Subsequently as a result of traumatic recollection the emotions fade to the background as the focal point in the foreground sheds light upon the faces. As people pull in their focus upon the faces their feelings suddenly become the noise pollution that disrupt the clarity of mindfulness. Is it not fair to say that everyone project a face to the lingering sensations of blame?

    So in the haunting of the faces that define the heavy of personal hardships the coping process begins. Grief lingers around like a poltergeist as PTSD stirs up the brainstorms as the heart becomes overwhelmed by the emotional demolishing.

    I can blame various people for my personal injuries that I suffer, however ultimately I understand is that in coping with the PTSD my own face remains haunting in the background of the healing process. Anyone that presumptively assumes that I am not remorseful has truly eluded the reality of the underlying truth. I am my greatest critic and blaming myself remains so clearly more elicit above all the various noise of paranormal faces that haunt me still. My heart bears the burden of many griefs that weigh like the chains of Jacob Marley in a Christmas Carol while limping around crippled like Timothy Cratchit..

  • Penny says:

    I am in a dark, draining place right now. I was diagnosed with cptsd last fall by a trauma trained therapist. One of two in my entire region. My sessions came to a stop after five because my insurance wouldn’t cover a diagnosis that doesn’t exist (in the DSM). I’ve dragged along these last few months, dissociating at higher rates, panic attacks in closer clusters and have become increasingly suicidal. I’ve qualified for hospitalization in a trauma based facility, but can’t afford the plane ticket or admission price tag on my own. I started a crowd sourcing page and have gotten donations from my brother and a couple of his friends ….but it’s not enough. My parents have that kind of money, or could raise that amount, but won’t because they believe all I need to do is accept Jesus and I’ll be magically healed.

    I’ve done cognitive therapies over the years, but it was never enough. I felt lost, incomplete, misunderstood and hopeless to find true help to get me whole again. Now that I feel like I found the beginning of comprehensive trauma treatment to set me on the path to wholeness, I can’t have it and am losing what ground of work I did have. I’ve returned to being wooden just to survive.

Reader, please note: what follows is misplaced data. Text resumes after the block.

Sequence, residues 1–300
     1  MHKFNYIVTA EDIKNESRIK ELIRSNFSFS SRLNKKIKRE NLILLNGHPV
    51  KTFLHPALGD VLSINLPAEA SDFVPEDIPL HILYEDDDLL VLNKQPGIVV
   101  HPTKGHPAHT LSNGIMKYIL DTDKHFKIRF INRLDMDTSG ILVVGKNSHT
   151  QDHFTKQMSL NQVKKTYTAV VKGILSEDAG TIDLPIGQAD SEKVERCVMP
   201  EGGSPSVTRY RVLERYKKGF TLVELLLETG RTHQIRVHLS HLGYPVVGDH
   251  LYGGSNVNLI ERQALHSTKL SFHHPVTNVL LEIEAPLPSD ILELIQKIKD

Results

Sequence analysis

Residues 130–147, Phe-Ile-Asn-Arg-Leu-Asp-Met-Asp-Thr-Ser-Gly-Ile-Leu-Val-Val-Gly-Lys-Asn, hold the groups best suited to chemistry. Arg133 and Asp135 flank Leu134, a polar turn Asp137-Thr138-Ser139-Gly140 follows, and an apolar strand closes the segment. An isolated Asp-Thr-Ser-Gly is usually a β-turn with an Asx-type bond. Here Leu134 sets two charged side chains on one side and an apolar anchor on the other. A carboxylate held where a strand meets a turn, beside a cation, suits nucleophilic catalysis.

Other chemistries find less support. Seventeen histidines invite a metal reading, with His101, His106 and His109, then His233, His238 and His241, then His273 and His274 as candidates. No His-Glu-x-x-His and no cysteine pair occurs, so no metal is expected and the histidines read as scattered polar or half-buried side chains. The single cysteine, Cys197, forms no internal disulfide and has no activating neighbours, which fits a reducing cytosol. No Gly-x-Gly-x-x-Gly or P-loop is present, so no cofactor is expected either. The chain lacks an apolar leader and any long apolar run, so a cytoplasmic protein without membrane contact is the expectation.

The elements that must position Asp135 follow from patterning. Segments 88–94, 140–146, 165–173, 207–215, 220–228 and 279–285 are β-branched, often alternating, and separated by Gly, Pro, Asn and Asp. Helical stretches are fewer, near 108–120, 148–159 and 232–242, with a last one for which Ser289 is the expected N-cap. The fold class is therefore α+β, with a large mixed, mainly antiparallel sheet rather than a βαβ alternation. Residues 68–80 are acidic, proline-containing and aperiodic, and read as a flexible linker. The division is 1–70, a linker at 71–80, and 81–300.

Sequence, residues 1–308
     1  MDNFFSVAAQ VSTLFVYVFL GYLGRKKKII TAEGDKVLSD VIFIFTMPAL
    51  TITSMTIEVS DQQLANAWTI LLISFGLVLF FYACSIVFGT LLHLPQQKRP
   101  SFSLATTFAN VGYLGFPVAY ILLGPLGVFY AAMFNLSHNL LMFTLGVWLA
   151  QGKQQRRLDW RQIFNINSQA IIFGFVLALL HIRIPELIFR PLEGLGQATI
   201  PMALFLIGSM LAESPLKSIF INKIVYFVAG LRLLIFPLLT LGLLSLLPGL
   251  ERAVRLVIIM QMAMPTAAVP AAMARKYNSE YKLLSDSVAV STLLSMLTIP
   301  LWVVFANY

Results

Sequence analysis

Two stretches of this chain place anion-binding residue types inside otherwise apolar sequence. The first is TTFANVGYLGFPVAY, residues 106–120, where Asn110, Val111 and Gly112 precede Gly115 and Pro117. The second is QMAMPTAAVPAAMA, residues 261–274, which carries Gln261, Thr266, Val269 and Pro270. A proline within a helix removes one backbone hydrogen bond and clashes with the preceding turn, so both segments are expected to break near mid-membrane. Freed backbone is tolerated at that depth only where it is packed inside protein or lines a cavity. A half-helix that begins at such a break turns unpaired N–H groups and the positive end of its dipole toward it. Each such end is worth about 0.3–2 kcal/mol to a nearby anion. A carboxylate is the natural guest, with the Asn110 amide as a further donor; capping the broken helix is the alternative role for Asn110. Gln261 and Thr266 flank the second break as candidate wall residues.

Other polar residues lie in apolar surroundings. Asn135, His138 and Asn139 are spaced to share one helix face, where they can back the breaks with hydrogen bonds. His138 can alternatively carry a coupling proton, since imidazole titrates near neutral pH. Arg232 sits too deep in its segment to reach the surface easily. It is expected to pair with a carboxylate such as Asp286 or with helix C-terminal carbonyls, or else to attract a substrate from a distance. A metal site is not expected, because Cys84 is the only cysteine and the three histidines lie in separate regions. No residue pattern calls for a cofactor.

I believe wholeness and healing is possible. With the right tools and support and therapies, nothing is impossible. I’m encouraged by your articles, Roland, and I’m sorry to be such a downer. It’s just being so close to getting the help I need yet being so far at the same time reminds me of why I live in this tiny little space in my head. I can see the land of milk and honey from here, and the cptsd says that’s all I’ll ever have: the view…but you and so many others keep reminding me that’s not true. I’m hanging on with everything I’ve got.

    • Roland says:

      Hi Penny. Thanks for your comment, courage and sharing. Do keep connecting here and on the fb page with others. And keep looking for other ways to heal. If personal counseling isn’t available now you might want to look into group work locally. Or perhaps there are others types of classes that attract you and help you in your healing like; pottery, dance, yoga, tai chi, vipassana meditation, nature walks with others. Meetup groups. Keep going.

  • Jak says:

    Where am I in the process?
    I have begun and are on the waiting list for medical appointments and therapy to begin.
    I keep myself in a fairly stable place limiting my contact with people and activities that may not be beneficial to the process. I stay in control of the decision making process in my life. I am on no medication nor do I use alcohol or drugs which I believe would add to my problems.
    I am taking my time. I have tentively begin a hobby which takes me into contact with other people. I have entered an event to give me focus over the following weeks and months. I will not be pushed or rushed and my efforts to improve my health remain the focus of my life. I continue to take responsibility for my health and refuse to take responsibility for anyone else at this stage. Anyone trying to push in gets quickly removed from my life at this stage- it has to be on my terms and in my time frame. All in all I am carefully doing ok but aware how easily I get knocked and how difficult this feels so in view of this I take things at a steady pace, it just cannot be rushed.

  • Robyn says:

    I know I should go to therapy and have tried in the past, including hypnotherapy, but I get physically ill when I contemplate it and the few times I have attempted it I go into complete revolt (I have been carrying my trauma around since a little girl and am now 63). I had a neck operation 3 years ago and had the most horrific trauma after the op (stuff I thought was dead and buried), which scared me half to death, but even that and the fact that it can now resurface any time cannot get me to go to therapy.

  • Hele says:

    In the process… currently dealing with others anger as a trigger. Even my ol Sweet T got angry with me; that breeched trust, ultimately ending our relationship.

  • jo says: